Wayalumba is self-liberated. By his drumming and by his dancing he emerges as another force, called zambo, or negro.
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The spirit supai in Quichua is of the various epochs of cultural time and dimensions of cultural space. He may come forth in beginning times and places, times of revolution of Eloy Alfaro, times of the grandparents, or present times. His imagery is of the forest—spiritual, dangerous and libidinous—but he resides near indigenous settlements. Wayalumba is of the forest, yet he is intricately connected to the history and legacies of the Spanish conquest, to the people of today and to the emergence, within history and destiny, of blackness as associated with self-liberation.
Blackness is a social construction, a set of images built up—in Europe and the Americas—of historically transmitted symbols that recognize and represent people of African descent from the s to the present. Symbolic constructions generate images, patterns of thought and emotion that influence the way people see themselves and others.
Representation is the way by which people are signified by others. Signification often involves a word that names the object of representation. Representations constitute, in part, the world in which we live. Rather, blackness is fused with imageries of self-liberation. Real people create new modernities; to listen to them and to understand their messages requires considerable reflection. The reflexive effort begins with a reading of the texts and listening to the voices of those who survived their socially constructed banishment to the racialized antipodes of society.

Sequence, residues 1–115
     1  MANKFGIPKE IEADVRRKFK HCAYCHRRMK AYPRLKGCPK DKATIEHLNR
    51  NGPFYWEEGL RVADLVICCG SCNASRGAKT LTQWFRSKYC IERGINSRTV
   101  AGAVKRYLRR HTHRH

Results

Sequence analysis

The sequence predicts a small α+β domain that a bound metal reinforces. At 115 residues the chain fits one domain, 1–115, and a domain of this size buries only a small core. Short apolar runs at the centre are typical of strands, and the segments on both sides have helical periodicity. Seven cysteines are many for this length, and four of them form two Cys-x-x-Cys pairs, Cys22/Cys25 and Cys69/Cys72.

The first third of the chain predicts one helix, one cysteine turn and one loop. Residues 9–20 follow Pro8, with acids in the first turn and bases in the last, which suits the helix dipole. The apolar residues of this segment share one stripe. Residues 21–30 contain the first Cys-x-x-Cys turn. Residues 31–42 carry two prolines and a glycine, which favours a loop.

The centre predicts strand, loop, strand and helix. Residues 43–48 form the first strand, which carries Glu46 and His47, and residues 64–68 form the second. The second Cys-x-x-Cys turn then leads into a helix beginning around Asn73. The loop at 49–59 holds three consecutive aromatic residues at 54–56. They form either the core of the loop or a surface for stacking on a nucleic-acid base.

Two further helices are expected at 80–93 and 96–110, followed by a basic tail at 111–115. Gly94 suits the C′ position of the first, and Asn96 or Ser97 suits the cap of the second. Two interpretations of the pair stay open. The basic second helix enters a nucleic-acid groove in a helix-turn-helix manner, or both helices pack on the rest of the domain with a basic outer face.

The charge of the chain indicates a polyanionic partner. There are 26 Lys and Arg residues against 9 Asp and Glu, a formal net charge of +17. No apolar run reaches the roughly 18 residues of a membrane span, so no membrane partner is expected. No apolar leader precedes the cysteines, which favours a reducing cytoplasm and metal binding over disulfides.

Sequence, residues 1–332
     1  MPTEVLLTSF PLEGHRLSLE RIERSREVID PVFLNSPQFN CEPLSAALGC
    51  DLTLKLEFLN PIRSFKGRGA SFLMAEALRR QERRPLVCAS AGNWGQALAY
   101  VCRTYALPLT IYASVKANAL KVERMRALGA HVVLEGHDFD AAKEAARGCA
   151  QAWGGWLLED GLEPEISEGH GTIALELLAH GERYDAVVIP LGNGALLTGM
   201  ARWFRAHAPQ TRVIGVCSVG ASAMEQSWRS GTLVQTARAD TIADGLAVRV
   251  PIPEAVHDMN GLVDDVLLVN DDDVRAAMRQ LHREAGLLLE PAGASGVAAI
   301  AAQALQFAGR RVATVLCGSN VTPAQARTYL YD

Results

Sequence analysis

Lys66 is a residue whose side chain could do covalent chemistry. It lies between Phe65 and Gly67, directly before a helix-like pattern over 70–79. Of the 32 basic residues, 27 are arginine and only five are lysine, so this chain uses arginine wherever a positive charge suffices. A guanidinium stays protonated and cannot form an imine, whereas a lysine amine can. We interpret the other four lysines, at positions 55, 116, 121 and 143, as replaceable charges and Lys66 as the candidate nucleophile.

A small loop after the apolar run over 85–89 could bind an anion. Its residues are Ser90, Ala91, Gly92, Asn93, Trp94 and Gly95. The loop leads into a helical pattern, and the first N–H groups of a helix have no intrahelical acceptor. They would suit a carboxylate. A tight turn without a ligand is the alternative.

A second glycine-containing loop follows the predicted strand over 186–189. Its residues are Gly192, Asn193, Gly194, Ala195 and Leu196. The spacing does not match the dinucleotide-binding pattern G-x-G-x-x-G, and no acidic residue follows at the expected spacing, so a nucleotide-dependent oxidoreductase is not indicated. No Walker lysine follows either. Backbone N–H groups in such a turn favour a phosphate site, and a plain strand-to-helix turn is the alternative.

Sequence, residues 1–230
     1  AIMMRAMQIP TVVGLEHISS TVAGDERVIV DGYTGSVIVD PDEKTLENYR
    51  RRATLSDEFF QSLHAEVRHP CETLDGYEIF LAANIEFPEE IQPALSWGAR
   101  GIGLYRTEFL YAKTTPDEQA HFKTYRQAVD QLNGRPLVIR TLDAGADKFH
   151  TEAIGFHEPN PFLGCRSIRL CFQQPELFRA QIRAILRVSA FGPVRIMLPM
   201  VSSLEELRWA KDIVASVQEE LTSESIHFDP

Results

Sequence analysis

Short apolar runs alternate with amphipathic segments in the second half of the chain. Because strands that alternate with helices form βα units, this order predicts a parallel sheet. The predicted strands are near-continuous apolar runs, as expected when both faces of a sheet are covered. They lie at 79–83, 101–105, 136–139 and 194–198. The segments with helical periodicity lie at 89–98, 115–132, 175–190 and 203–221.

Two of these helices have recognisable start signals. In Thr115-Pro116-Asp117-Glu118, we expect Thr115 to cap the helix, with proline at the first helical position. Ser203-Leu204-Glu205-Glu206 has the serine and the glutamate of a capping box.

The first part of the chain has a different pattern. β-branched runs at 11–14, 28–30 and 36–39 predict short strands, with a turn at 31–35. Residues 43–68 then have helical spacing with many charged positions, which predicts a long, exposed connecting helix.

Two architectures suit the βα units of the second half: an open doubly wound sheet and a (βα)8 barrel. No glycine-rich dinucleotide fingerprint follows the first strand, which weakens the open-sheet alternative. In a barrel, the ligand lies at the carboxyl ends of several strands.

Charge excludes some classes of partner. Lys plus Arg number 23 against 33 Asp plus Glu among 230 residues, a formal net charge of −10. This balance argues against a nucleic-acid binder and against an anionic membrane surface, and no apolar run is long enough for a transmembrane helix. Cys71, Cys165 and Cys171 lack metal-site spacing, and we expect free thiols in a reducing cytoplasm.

There can be no doubt about the affirmation of the identity of blackness in his poem—negro soy, negro voy black I am, black I go —it is first person, publicly personal, declarative, poetic, and moving:. NOTES 1. Rout, Jr. Forbes, Africans and Native Americans, 2nd ed. Kelley, Jr.